Singapore women have made tremendous progress in areas spanning education, economic status, and even representation in the Government.
However, more can be done collectively to empower, protect, and uplift women. While our current laws and policies are strong, the Government needs to continually look ahead to understand the aspirations and needs of Singapore women and ensure that laws and policies evolve as necessary.
As such, in September 2020, Minister K Shanmugam announced that a series of public conversations will be organised together with the People and Private sectors.
These conversations will allow us to cultivate a better and more inclusive society by enabling Singaporeans from all walks of life to come together to understand the aspirations of Singaporeans for Singapore women and the mindset changes required to further women’s development here.
Feedback and recommendations from these sessions will be consolidated and submitted to the Government in a form of a White Paper. The White Paper will also serve as a roadmap for the progress of Singapore women.
Join in the conversations and partner with us to create and implement solutions that further progress the lives of Singapore women.
Listen to Minister for Home Affairs and Law, Mr K Shanmugam, share his views on the national review:
Transcript of Minister K Shanmugam’s speech can be found here.
NYC will be hosting a series of three conversations in support of this national effort.
The final session, the third in the series, focused on issues in workplaces. The dialogue was held on 6 February 2021 and these are some of the key takeaways from the session:
Conversations on Women’s Development – Workplaces
A Summary of Issues Raised by Youths (Saturday, 6 Feb 2021)
Attended by: Ms Gan Siow Huang, Minister of State, Ministry of Education and Ministry of Manpower
Participants said that more open discussions on Singapore women’s development and empowerment were needed and hoped to see change led by the Government.
The top three issues of concern affecting women in workplaces as voted by participants were: Work-Life Harmony (22.4%), Workplace Harassment (21.6%) and Lack of Female Leaders/Senior Management Positions (18.1%).
Youths shared that more could be done to educate the public on workplace harassment and appropriate workplace behaviours to promote healthy perceptions of gender roles. They also asked for shared paternity leave, safer avenues to report workplace harassment, and a larger female representation in senior positions.
Participants were concerned about the persistence of traditional gender roles in society. They shared that society still largely saw women as taking on caregiving responsibilities. They felt that as a result, some companies may not view women who juggle career and motherhood as candidates for promotion, resulting in some females having to choose between focusing on their careers and raising children.
Many participants called for gender equality in caregiving responsibilities and work opportunities. Some suggested allowing both parents to share the allocated childcare leave, as well as more support for working parents, such as providing childcare facilities at workplaces.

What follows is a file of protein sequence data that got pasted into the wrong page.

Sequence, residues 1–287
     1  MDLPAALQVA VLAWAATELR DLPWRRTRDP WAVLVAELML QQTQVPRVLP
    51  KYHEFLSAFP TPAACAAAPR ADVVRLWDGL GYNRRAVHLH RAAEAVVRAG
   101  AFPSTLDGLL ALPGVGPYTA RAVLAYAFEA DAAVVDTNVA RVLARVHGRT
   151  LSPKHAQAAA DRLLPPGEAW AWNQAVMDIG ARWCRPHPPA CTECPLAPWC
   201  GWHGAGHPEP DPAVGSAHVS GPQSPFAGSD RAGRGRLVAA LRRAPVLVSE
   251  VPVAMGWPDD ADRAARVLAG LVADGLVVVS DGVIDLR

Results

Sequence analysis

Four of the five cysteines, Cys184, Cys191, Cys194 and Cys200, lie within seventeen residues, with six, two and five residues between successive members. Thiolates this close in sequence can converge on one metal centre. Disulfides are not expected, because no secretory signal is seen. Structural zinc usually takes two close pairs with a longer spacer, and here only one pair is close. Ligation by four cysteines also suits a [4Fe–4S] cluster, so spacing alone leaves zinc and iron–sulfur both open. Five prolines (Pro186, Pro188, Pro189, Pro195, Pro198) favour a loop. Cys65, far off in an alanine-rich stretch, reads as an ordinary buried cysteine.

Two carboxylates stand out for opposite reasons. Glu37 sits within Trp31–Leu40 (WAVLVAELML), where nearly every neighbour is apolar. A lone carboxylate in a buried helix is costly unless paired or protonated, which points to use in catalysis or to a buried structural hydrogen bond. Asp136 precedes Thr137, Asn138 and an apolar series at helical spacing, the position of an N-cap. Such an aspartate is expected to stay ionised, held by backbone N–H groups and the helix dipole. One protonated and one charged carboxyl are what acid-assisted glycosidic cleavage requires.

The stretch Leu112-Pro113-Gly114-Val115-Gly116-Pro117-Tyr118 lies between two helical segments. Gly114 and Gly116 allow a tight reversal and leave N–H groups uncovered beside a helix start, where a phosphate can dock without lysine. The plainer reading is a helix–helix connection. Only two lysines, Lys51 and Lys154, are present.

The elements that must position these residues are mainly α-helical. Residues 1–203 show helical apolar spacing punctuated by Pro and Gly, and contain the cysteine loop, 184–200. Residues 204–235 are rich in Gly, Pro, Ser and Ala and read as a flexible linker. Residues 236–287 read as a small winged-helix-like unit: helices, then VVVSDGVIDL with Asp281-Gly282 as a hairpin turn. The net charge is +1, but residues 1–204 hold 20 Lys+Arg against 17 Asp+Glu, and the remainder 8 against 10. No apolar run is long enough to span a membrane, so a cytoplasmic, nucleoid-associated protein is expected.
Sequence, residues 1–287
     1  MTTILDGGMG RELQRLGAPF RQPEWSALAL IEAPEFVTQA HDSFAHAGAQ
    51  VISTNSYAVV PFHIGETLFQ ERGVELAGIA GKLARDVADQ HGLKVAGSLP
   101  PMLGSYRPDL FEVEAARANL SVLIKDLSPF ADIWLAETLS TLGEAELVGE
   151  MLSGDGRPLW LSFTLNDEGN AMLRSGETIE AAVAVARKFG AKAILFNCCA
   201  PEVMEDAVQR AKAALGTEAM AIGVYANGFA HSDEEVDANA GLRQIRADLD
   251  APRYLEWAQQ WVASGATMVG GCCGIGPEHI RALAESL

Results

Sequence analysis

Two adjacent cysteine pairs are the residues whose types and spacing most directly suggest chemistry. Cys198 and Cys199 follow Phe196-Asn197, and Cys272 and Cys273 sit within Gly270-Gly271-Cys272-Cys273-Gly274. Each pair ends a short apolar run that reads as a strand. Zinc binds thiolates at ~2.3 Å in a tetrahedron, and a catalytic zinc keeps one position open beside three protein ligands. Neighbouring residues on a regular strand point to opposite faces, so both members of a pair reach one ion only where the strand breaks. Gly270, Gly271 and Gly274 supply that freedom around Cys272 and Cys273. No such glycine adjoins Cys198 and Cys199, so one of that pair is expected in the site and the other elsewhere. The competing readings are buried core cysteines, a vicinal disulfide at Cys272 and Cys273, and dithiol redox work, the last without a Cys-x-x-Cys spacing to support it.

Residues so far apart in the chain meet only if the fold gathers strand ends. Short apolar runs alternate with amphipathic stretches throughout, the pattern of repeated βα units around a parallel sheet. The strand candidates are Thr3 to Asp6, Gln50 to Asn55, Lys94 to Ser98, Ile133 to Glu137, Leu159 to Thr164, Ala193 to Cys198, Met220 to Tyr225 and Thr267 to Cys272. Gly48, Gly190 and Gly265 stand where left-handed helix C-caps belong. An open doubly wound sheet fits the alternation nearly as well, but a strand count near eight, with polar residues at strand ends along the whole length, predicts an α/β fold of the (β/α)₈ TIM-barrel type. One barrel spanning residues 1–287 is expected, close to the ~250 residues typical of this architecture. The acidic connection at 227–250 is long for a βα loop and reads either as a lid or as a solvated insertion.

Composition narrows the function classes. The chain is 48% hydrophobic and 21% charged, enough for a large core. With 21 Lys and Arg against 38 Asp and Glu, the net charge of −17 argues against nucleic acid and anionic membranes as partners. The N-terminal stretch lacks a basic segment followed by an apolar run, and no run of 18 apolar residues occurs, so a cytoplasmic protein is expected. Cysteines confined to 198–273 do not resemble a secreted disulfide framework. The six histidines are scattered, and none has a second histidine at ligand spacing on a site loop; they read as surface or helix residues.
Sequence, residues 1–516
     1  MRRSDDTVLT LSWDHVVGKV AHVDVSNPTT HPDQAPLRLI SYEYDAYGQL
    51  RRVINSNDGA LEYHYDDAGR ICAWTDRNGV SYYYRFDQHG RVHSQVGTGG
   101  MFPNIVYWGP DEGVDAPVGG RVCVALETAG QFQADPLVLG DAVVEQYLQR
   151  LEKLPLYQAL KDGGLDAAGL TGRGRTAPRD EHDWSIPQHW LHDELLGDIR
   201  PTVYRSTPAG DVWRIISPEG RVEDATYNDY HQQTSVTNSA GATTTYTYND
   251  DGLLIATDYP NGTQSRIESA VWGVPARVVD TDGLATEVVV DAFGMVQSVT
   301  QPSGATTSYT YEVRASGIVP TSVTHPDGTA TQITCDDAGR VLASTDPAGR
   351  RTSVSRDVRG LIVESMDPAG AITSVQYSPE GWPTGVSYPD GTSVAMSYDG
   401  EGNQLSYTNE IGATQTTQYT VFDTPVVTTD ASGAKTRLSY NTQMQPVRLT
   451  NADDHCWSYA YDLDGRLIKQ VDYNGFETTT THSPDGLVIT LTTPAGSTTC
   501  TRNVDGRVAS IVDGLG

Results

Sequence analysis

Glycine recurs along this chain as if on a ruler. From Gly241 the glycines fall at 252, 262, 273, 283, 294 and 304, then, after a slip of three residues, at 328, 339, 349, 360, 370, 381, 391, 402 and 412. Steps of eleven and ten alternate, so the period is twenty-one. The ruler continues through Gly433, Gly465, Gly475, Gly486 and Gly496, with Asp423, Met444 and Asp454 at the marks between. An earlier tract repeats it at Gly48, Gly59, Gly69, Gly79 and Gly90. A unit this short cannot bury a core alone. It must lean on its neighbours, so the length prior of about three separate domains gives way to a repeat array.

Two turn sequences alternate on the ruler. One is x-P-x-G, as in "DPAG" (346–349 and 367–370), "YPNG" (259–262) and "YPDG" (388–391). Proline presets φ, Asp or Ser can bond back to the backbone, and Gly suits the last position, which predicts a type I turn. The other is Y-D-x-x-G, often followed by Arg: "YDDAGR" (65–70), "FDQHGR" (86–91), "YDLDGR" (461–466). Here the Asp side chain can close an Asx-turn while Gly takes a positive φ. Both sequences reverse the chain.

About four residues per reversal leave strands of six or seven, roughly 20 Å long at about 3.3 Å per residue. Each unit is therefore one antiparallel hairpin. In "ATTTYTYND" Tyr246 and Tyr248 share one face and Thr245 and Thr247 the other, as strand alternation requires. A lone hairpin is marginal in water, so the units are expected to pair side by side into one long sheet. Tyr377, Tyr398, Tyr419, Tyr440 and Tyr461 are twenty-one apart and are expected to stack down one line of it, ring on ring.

Participant also raised the need to recognise the monetary value of caregiving, and compensate caregivers accordingly.
Workplace harassment was second in the list of top concerns. Participants felt that many cases of harassment remained unreported due to the lack of awareness about what constituted harassment at work. They also said that most victims were unaware of the help and resources available.
While participants acknowledged that there were existing mechanisms – such as The Tripartite Alliance for Dispute Management (TADM) and the Tripartite Alliance for Fair & Progressive Employment (TAFEP) – in place to prevent workplace harassment, they were guidelines that companies were not bound to follow. As such, participants felt that the onus to report workplace harassment then fell on the victims, who might not have the emotional strength or legal knowledge to pursue the cases. Some suggested the possibility of passing these guidelines through legislation so that companies were legally bound to follow them.
Participants said that many harassment cases remain unreported because victims fear being victim-blamed. Participants suggested that companies implemented workplace training to better educate and empower women to report inappropriate behaviour at work. Some also shared the importance of bystander intervention as the onus should not solely be on the victim to report harassment cases. A small number of participants also shared the need to protect minority women at workplaces as they were observed to face higher incidences of discrimination and harassment in the workplace.
Lack of Female Leaders/Senior Management Positions:
While participants acknowledged that there had been progress for gender equality between men and women in Singapore, they said that senior leadership positions in most organisations were still largely male-dominated.
Participants shared that the lack of female representation in senior management could create a vicious cycle where young women lacked female role models to aspire towards. Some also believed that female leaders better understood the issues and challenges faced by female employees, thereby enabling more positive changes to be made from the top.
Participants suggested providing young women with more leadership and talent development opportunities to train them for senior leadership positions.
The second dialogue focused on issues in the home and community and was held on 9 January 2021. Here are some key takeaways from the session:
Conversations on Women’s Development – Home & Community
A Summary of Issues Raised by Youths (Saturday, 9 Jan 2021)
Attended by: Ms Low Yen Ling, Minister of State, Ministry for Culture, Community and Youth